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The pictures, created by “Apollo Remastered” author Andy Saunders, show POT Lunar Module “Orion” Pilot charles duke taking in the view across the hilly Descartes Highlands, the Command and Service Module “Casper” above the lunar horizon, Commander John Young’s “giant leap,” the lunar rover and a photo of Duke and his family on the moon’s surface.
The second of the three “J-missions,” apollo 16’s primary objectives were to inspect, survey and sample materials and surface features at the highlands region of the moon’s southeast quadrant, to position and activate surface experiments and to conduct in-flight experiments and photographic tasks from lunar orbit.
The Lunar Module carrying Young and Duke touched down at Descartes – albeit nearly six hours late – at 9:24 pm EST on April 20, about 276 meters northwest of the planned point.
There were two significant Command Module problems, including one en route to the moon and one in lunar orbit, that contributed to the delay in landing and the subsequent early termination of the mission by one day.
An erroneous signal indicating guidance system gimbal lock during the translunar coast phase was neutralized by real-time programming and backup circuit caused yaw oscillations of service propulsion system, leading to a delay to the circularization burn of the Command Module.
Lunar Module landing was held until engineers determined the oscillations would not seriously impact Command Module steering.
During the more than 71 hours and two minutes of surface stay, astronauts explored the region on three extravehicular activities (EVA), which totaled 20 hours and 14 minutes.
The first EVA included Lunar Roving Vehicle setup and Apollo Lunar Surface Experiments Package (ALSEP) deployment, and the Heat flow experiment was lost when Young tripped on and broke the electronics cable.
The astronauts collected samples and photographed Flag Crater, took the first measurement with the lunar portable magnetometer at Spook Crater and deployed the solar wind composition experiment at the ALSEP site.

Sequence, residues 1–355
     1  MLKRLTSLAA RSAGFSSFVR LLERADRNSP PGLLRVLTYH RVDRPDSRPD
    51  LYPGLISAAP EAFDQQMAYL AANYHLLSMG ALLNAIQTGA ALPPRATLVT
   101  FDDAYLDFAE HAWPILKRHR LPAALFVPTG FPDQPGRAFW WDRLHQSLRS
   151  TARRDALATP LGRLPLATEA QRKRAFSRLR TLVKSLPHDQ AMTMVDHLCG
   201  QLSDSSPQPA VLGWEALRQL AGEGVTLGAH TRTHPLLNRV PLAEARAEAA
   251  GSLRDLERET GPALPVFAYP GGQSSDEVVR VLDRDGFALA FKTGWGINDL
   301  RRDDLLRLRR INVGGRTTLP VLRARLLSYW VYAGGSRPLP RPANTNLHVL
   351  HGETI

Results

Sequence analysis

They collected samples of the core, surface and trench in the area of Cinco Craters during the second EVA, and lunar portable magnetometer measurements were taken near Cinco.
A time constraint in meeting the ascent schedule cut the third EVA short, during which the crater rim of “House Rock” and “Shadow Rock” were sampled and lunar portable magnetometer Measurement readings were taken there and at the rover parking site, along with final samples. Finally, they retrieved the solar wind composition and film from far ultraviolet camera/spectroscope.
Command Module Pilot Thomas K. “Ken” Mattingly orbited the moon with cameras and the Scientific Instrument Module (SIM) bay instruments that were operational during Young and Duke’s surface stay and verified Apollo 15 data and information on lunar terrain.
At the conclusion, Young and Duke had collected 209 pounds of samples and driven the rover 16.6 miles.
Lunar liftoff occurred on April 23 at 8:26 pm EST.
The lunar module was jettisoned after normal rendezvous and docking and altitude was lost eliminating the usual deorbit maneuver and planned impact.
Planners elected to return the mission a day early and – after Mattingly’s 83-minute spacewalk to film cassettes from the SIM bay – they splashed down in the pacific ocean just before 3 pm EST on April 27.
The total mission time was 265 hours and 51 minutes, or just over 11 days.
Notably, the Particles and Fields subsatellite was launched on April 24 at 4:56 pm EST to investigate the moon’s mass and gravitational variations, particle composition of space near the moon and interaction of the moon’s magnetic field with that of Earth.
Saunders noted that when Mattingly noticed a problem with the main engine on the Command Module, the three astronauts had to visually station-keep in lunar orbit for the four hours it took for Mission Control to assess the issue.
Saunders said that an image taken by Duke – showing the Command Module above the lunar surface as the blue Earth rises – conveys the enormity of their achievements.
Duke, who left a portrait of his family on the lunar surface after the third EVA told him that it was an emotional moment.
While the photograph had likely quickly faded and curled up, Saunders is sending a copy of the photograph in a small capsule back to the moon this year on the unscrewed Astrobotic Peregrine lander.